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Sunday, June 20, 2021
Stocks & Shares

European stocks retreat from record highs

European stocks

The STOXX 600 index dropped 0.1%, with shares in Frankfurt declining 0.3% and Paris sliding 0.1%

European stocks slipped from record highs on Monday in subdued trading due to holidays in major markets, but optimism over a swift economic recovery put the benchmark index on course for its fourth month of gains.

The pan-European STOXX 600 index dropped 0.1% in morning trade, with shares in Frankfurt declining 0.3% and Paris sliding 0.1%.

UK and US markets are closed for a holiday, keeping trading volumes muted across the board.

Among the top drags was Deutsche Bank, down 1.8% after the Wall Street Journal reported that the U.S. Federal Reserve told the German lender it was failing to address persistent shortcomings in its anti-money-laundering controls.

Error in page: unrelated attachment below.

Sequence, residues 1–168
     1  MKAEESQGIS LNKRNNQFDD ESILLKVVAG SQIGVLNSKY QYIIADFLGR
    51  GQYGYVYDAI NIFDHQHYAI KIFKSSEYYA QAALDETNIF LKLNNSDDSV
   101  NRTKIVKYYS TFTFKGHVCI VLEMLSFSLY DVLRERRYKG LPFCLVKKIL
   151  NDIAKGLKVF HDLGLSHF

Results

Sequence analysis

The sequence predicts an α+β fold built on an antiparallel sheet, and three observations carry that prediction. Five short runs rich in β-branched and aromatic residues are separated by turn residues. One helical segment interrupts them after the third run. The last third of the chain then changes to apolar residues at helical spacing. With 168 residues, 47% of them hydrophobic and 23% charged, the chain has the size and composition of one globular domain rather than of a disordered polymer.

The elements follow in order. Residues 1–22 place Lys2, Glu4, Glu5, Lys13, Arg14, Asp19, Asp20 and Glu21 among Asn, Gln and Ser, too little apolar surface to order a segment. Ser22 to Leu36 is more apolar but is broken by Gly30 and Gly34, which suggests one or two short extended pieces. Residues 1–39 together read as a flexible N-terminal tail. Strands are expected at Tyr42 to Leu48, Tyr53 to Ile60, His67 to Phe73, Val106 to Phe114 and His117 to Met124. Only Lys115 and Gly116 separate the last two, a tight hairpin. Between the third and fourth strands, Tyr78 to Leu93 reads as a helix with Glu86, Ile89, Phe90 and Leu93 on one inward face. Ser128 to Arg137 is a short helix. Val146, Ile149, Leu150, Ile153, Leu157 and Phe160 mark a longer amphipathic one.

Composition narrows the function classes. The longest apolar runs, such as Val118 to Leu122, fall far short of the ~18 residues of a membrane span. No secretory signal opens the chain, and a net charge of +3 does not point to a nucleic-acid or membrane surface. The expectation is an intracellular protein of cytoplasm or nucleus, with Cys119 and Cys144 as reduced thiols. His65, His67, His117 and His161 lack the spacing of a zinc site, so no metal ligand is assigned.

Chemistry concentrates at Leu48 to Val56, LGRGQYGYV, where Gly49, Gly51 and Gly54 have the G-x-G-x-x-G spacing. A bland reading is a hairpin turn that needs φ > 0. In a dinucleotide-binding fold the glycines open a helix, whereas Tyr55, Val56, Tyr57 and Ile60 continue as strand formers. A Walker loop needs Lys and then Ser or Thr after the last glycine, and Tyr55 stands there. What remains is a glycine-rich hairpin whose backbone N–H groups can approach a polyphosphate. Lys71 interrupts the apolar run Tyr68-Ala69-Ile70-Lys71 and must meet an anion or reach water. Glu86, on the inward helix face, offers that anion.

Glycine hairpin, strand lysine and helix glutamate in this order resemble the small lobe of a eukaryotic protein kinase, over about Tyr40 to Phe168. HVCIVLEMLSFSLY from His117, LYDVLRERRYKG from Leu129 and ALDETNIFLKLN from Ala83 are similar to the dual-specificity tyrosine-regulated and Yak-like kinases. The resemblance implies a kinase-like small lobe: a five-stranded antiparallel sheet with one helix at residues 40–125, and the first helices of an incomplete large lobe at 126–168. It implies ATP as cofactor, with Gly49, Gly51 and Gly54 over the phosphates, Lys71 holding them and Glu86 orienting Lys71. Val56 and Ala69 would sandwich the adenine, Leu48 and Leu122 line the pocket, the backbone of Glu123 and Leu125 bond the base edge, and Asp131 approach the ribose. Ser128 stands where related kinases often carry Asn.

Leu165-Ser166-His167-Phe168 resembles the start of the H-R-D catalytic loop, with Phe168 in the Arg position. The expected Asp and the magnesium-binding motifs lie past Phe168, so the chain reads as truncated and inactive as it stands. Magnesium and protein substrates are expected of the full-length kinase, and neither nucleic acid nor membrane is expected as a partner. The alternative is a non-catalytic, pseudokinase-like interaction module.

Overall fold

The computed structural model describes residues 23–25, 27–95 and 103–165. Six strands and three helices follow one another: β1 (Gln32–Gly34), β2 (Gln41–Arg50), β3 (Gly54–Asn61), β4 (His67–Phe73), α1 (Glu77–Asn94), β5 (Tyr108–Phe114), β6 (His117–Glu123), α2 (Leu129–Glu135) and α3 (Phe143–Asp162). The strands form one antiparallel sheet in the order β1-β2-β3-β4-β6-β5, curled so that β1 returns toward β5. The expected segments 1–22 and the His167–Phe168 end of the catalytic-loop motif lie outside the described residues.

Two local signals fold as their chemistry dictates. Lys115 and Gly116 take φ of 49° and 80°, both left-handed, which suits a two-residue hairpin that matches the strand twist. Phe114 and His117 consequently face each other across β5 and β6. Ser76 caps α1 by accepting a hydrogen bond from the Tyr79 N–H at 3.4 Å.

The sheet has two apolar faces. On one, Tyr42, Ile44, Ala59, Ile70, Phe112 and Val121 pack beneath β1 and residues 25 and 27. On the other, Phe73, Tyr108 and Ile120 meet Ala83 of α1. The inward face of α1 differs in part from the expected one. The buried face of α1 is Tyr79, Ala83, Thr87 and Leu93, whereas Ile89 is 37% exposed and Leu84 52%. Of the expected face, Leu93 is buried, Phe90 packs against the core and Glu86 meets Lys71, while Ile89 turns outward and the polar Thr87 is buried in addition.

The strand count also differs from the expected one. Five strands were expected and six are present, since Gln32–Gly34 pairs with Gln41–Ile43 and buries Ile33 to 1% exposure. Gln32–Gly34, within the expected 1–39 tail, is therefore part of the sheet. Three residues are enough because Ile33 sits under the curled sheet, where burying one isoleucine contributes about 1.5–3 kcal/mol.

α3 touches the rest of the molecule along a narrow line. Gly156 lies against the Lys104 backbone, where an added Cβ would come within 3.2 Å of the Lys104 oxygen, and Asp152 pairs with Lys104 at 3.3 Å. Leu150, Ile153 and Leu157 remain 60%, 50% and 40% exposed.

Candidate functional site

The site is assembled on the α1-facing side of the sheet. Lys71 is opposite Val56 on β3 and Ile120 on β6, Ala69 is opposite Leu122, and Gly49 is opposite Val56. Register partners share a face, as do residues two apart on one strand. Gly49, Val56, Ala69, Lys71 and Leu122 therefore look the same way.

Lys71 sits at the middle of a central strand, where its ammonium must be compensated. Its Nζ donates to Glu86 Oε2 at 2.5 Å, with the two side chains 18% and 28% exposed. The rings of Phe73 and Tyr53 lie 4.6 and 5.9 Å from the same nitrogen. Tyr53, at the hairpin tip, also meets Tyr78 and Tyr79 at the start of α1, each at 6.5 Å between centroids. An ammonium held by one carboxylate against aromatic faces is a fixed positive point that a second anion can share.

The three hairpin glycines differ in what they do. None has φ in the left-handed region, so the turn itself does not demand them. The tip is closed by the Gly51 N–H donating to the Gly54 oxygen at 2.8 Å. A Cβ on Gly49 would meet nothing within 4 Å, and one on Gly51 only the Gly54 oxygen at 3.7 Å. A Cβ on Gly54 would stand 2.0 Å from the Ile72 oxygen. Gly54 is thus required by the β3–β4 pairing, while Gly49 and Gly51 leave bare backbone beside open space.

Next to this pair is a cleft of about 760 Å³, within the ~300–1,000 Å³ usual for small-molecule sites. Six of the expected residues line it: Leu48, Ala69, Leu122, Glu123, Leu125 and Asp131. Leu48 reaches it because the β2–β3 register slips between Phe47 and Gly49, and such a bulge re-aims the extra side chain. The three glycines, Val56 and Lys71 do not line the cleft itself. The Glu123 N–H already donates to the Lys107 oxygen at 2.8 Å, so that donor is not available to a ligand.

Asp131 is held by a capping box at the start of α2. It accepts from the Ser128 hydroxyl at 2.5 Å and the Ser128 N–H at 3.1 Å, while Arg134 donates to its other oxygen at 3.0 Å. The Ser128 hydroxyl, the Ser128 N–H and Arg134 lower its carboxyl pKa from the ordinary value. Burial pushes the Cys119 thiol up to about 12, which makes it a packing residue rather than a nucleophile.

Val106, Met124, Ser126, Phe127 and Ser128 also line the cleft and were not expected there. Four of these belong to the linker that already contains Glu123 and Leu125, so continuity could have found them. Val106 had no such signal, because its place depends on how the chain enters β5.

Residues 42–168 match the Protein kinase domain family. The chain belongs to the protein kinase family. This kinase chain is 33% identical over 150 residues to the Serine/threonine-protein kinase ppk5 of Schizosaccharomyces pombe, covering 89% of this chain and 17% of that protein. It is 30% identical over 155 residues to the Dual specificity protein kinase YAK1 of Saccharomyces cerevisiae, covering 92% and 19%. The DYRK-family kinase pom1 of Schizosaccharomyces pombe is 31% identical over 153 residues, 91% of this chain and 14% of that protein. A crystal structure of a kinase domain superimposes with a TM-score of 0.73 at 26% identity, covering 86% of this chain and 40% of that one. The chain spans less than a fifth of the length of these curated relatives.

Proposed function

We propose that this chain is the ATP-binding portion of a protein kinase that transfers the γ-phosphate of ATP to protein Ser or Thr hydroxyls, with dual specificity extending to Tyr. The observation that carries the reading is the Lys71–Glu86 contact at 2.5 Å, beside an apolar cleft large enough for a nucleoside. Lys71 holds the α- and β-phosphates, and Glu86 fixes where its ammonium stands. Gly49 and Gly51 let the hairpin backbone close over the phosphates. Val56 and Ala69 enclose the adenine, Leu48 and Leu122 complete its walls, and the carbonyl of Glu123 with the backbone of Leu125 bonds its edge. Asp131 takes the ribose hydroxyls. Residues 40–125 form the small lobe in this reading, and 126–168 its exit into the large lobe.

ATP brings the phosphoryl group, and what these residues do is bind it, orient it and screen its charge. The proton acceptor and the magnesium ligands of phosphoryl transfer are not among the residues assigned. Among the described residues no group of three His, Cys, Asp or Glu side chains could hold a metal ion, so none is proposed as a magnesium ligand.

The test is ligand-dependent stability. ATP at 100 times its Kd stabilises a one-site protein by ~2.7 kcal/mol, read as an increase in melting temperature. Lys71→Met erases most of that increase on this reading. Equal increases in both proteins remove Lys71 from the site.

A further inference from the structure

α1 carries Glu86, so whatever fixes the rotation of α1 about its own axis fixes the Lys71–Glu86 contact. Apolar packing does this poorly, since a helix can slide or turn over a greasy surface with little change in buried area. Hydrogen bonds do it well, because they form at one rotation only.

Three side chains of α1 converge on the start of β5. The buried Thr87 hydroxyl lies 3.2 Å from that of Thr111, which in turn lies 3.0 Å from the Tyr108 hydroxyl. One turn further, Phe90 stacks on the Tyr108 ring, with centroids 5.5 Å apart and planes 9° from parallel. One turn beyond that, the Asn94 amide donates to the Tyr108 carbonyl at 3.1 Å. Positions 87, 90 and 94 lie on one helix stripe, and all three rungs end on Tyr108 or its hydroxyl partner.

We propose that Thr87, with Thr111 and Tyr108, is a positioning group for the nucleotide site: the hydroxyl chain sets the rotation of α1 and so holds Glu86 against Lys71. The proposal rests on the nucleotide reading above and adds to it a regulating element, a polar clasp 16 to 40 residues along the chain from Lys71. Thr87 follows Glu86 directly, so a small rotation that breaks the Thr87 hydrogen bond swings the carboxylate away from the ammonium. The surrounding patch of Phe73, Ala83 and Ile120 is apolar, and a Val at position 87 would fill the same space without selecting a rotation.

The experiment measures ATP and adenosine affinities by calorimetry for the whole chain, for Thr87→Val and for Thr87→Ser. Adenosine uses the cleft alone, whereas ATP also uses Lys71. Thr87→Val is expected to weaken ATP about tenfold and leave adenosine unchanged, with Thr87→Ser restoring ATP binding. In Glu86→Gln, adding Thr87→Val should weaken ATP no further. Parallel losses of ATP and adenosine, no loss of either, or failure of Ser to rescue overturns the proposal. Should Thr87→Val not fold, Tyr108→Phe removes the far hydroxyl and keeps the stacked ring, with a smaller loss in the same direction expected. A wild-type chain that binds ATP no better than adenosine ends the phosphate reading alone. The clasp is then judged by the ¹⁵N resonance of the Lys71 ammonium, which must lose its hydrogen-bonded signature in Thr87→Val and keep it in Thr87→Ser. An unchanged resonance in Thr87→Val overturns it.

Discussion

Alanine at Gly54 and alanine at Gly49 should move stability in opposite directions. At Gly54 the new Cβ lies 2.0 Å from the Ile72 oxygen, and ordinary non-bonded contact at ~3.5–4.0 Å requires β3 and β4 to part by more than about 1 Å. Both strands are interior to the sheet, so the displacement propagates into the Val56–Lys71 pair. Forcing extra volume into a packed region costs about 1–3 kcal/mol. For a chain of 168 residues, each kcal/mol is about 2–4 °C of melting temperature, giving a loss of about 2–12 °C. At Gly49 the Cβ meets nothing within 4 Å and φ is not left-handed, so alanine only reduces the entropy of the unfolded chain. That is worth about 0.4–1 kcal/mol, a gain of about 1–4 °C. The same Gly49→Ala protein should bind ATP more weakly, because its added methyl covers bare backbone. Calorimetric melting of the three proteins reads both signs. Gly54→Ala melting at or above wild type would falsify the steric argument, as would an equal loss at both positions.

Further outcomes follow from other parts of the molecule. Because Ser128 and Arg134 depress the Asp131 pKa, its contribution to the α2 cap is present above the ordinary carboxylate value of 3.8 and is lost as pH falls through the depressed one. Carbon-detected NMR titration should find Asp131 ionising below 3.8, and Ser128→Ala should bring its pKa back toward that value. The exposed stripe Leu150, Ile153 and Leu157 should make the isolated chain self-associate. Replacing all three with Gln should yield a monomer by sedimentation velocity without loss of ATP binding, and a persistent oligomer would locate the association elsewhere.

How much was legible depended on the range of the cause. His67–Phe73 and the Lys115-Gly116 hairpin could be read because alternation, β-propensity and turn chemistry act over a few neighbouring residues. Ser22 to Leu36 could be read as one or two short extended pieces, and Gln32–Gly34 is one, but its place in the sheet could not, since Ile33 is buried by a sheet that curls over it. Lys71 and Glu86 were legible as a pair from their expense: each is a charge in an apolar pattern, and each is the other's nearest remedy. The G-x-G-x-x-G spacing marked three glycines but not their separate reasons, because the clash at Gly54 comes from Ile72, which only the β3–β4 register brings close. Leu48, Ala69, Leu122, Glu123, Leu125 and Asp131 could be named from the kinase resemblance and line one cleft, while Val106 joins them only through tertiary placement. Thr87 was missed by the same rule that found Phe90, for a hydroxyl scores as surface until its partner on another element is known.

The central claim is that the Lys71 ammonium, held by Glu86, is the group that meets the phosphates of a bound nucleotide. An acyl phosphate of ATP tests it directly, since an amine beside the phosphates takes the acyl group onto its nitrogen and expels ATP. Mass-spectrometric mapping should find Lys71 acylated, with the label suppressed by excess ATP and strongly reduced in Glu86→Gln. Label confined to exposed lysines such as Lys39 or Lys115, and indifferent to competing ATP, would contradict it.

Italian insurer Cattolica soared 12.9% after bigger rival Assicurazioni Generali said it would launch a 1.17 billion euros ($1.4 billion) buyout offer for the company.

Despite ongoing worries about rising inflation, the STOXX 600 was on course to post a 2.6% increase in May as economies gradually reopened after lockdowns and central banks reiterated support to aid the recovery.

Dovish comments from European Central Bank (ECB) policymakers, including from President Christine Lagarde, who said it was too early to discuss slowing its pandemic emergency bond purchases (PEPP), helped support sentiment last week.

All eyes will be on euro zone inflation readings as well as the U.S. jobs data this week as investors try to gauge the path of monetary policy ahead of the Federal Reserve and ECB meetings early in June.

As ECB members have recently highlighted, the rise in inflation is likely to be temporary and due to a number of technical factors rather than to genuine strength in underlying demand, UniCredit analysts wrote in a note.

They said: We agree with this view and expect inflation in the euro area to peak in 4Q and then to ease back toward the 1.5% area or around 1% for core inflation.

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